Based on Dr. Falkowski ´s project
Have you seen an invisible forest? In the ocean, the invisible forest marine phytoplankton plays a critical role in regulating Earth's climate. Every drop of water within 100 meters of the ocean contains thousands of free-floating microscopic plants called phytoplankton. Explore how human activities can alter the impact of phytoplankton in the carbon cycle on the planet, is crucial for predicting long-term ecological effects.
The body of work is composed by photography, video, object, print, sound and installation.
The Invisible Forest, Patagonia Series (2008)
shows a performance in the Argentine sea coast edited with marine phytoplankton, images in microscope enlargements.
The Invisible Forest, Blue Series (2009)
is a graphics production with extended microscopic images.
The Invisible Forest, Antarctic Series (2010)
shows different settings with mannequins of cloth on a human scale, and replicas to macroscopic size of tiny algae (marine phytoplankton). The works propose return to look like pure beings in harmonic connection with our environment.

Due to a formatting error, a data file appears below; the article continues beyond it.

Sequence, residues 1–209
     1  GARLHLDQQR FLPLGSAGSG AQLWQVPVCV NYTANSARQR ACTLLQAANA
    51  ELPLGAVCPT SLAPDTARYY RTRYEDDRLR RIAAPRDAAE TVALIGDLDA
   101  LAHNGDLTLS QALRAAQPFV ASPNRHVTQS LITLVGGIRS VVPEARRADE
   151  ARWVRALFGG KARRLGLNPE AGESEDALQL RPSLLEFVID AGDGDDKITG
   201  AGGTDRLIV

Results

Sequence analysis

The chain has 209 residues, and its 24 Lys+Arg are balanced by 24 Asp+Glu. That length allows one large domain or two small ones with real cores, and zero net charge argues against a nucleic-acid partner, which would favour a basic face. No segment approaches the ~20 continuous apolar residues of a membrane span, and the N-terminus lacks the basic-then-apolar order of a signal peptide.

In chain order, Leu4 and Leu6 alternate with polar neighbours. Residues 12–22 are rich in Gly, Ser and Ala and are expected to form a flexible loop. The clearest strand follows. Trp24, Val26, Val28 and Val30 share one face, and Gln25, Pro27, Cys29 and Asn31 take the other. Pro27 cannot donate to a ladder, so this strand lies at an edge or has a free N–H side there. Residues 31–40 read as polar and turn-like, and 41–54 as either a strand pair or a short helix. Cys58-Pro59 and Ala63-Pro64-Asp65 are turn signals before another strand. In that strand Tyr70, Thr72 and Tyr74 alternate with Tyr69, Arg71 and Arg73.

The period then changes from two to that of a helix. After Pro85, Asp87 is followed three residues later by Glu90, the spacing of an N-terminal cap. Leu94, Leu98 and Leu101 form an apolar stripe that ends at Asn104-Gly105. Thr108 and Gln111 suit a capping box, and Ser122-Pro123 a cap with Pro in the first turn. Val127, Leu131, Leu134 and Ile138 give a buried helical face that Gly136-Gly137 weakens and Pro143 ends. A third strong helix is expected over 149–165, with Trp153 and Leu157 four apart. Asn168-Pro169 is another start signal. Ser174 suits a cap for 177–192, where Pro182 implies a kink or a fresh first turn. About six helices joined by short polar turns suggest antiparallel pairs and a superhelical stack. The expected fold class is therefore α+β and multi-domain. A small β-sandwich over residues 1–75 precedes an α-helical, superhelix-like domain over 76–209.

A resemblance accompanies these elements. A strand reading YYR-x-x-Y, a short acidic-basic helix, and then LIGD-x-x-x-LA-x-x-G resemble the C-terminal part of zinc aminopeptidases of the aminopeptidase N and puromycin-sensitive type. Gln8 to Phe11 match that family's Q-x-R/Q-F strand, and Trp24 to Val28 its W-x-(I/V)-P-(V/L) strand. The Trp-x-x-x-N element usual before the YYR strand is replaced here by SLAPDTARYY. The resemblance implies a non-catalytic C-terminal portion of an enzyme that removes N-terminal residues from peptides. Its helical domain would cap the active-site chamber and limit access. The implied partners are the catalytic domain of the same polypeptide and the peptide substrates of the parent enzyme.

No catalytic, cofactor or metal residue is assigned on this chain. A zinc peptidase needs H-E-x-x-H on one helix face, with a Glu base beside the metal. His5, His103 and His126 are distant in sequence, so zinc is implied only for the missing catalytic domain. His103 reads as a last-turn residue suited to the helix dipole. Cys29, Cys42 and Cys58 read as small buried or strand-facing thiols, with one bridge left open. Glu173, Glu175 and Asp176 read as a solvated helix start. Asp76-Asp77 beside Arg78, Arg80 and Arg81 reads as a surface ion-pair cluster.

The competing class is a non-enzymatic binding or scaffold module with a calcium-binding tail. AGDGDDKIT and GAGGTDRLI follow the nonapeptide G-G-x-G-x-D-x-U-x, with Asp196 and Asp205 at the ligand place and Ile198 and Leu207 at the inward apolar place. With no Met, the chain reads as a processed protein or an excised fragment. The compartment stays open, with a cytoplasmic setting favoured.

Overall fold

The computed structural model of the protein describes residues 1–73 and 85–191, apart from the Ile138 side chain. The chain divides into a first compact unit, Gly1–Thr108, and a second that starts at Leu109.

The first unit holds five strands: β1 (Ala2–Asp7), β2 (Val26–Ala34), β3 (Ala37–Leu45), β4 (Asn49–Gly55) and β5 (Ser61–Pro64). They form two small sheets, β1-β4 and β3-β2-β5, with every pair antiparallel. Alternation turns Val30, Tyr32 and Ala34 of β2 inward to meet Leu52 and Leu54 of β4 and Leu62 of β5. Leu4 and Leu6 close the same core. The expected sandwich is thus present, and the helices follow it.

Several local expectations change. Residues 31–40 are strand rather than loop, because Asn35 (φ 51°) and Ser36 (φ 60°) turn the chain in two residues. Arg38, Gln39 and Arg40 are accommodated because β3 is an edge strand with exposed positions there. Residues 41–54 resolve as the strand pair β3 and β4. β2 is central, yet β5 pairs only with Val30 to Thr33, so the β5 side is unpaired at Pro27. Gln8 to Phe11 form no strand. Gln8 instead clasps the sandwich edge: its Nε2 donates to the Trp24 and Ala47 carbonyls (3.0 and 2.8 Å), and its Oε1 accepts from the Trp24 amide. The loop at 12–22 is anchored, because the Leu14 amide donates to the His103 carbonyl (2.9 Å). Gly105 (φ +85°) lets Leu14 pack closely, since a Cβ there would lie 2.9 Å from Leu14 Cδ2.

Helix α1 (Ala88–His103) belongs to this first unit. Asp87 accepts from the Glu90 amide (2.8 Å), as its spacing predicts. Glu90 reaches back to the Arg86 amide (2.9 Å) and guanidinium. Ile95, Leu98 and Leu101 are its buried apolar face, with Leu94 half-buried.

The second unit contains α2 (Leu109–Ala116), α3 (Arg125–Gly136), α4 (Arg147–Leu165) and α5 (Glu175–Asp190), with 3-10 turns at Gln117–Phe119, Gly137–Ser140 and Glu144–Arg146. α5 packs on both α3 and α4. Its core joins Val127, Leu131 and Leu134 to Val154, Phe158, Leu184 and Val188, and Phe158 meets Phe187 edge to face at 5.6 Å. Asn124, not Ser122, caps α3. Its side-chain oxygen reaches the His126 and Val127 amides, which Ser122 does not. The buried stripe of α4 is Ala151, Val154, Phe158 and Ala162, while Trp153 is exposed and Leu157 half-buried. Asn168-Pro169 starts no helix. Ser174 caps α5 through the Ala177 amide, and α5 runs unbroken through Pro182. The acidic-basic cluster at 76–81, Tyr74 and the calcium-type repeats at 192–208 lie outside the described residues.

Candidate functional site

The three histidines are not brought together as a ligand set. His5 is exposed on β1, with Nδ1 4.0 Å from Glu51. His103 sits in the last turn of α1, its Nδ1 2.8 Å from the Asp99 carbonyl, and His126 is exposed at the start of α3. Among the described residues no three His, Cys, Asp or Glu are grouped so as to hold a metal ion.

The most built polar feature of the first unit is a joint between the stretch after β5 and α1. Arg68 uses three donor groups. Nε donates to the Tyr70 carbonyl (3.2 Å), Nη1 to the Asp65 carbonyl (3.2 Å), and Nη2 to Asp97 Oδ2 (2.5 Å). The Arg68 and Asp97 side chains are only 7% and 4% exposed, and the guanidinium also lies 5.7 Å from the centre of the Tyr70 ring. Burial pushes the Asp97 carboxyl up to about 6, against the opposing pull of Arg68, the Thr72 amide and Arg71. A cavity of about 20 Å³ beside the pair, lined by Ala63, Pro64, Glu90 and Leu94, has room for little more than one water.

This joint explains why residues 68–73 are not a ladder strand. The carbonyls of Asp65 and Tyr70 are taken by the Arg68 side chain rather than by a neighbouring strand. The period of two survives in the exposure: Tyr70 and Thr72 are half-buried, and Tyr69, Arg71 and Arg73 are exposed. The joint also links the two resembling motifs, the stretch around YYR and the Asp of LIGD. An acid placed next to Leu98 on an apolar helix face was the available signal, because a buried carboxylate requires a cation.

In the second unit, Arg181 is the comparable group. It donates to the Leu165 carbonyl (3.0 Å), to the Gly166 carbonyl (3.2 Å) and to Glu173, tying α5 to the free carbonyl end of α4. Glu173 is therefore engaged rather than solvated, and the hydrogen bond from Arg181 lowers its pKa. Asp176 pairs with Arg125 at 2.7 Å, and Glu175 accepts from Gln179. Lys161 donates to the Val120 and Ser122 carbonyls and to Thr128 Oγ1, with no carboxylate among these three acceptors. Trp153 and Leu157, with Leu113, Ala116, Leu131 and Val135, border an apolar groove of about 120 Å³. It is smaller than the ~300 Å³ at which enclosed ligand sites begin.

The Invisible Forest, Resin Objects.
Project based on scientific research by Dr. Rodolfo del Valle, (DNA) Due to climatic variations, soil-permafrost-frozen is suffering unusual internal disturbances, such as changes in its structure, water content and ice wedges, so it is necessary to use geo-radar (GPR) that reaches up to approximately 15 m depth to identify these changes. The impact of environmental change in the NE of the Antarctic Peninsula has caused a loss of ice of 4000 km3 the last 31 years. The use of wind turbines to produce electricity will reduce CO2 emissions dramatically into the atmosphere. This will help mitigate the greenhouse effect.
Geo Radar was registered in photography and HD video.